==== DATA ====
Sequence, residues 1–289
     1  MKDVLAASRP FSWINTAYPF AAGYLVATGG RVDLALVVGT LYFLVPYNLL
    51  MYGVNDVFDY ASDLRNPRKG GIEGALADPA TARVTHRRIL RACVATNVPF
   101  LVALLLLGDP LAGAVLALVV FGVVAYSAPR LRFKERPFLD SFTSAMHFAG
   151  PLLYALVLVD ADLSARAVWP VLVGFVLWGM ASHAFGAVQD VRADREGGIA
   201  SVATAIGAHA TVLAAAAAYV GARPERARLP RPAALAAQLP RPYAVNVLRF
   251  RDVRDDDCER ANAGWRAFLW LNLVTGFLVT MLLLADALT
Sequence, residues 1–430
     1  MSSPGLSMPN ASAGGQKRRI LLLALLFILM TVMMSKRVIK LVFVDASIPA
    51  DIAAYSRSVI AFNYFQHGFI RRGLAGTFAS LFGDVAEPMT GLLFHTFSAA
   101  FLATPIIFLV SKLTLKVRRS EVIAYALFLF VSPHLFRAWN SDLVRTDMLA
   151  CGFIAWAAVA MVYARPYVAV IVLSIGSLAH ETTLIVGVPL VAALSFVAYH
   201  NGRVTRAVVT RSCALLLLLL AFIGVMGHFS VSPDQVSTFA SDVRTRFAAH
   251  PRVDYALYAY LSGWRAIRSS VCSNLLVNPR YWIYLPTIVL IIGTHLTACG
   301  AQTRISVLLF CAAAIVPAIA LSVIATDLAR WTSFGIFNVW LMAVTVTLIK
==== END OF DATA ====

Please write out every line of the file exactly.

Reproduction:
Sequence, residues 1–289
     1  MKDVLAASRP FSWINTAYPF AAGYLVATGG RVDLALVVGT LYFLVPYNLL
    51  MYGVNDVFDY ASDLRNPRKG GIEGALADPA TARVTHRRIL RACVATNVPF
   101  LVALLLLGDP LAGAVLALVV FGVVAYSAPR LRFKERPFLD SFTSAMHFAG
   151  PLLYALVLVD ADLSARAVWP VLVGFVLWGM ASHAFGAVQD VRADREGGIA
   201  SVATAIGAHA TVLAAAAAYV GARPERARLP RPAALAAQLP RPYAVNVLRF
   251  RDVRDDDCER ANAGWRAFLW LNLVTGFLVT MLLLADALT
Sequence, residues 1–430
     1  MSSPGLSMPN ASAGGQKRRI LLLALLFILM TVMMSKRVIK LVFVDASIPA
    51  DIAAYSRSVI AFNYFQHGFI RRGLAGTFAS LFGDVAEPMT GLLFHTFSAA
   101  FLATPIIFLV SKLTLKVRRS EVIAYALFLF VSPHLFRAWN SDLVRTDMLA
   151  CGFIAWAAVA MVYARPYVAV IVLSIGSLAH ETTLIVGVPL VAALSFVAYH
   201  NGRVTRAVVT RSCALLLLLL AFIGVMGHFS VSPDQVSTFA SDVRTRFAAH
   251  PRVDYALYAY LSGWRAIRSS VCSNLLVNPR YWIYLPTIVL IIGTHLTACG
   301  AQTRISVLLF CAAAIVPAIA LSVIATDLAR WTSFGIFNVW LMAVTVTLIK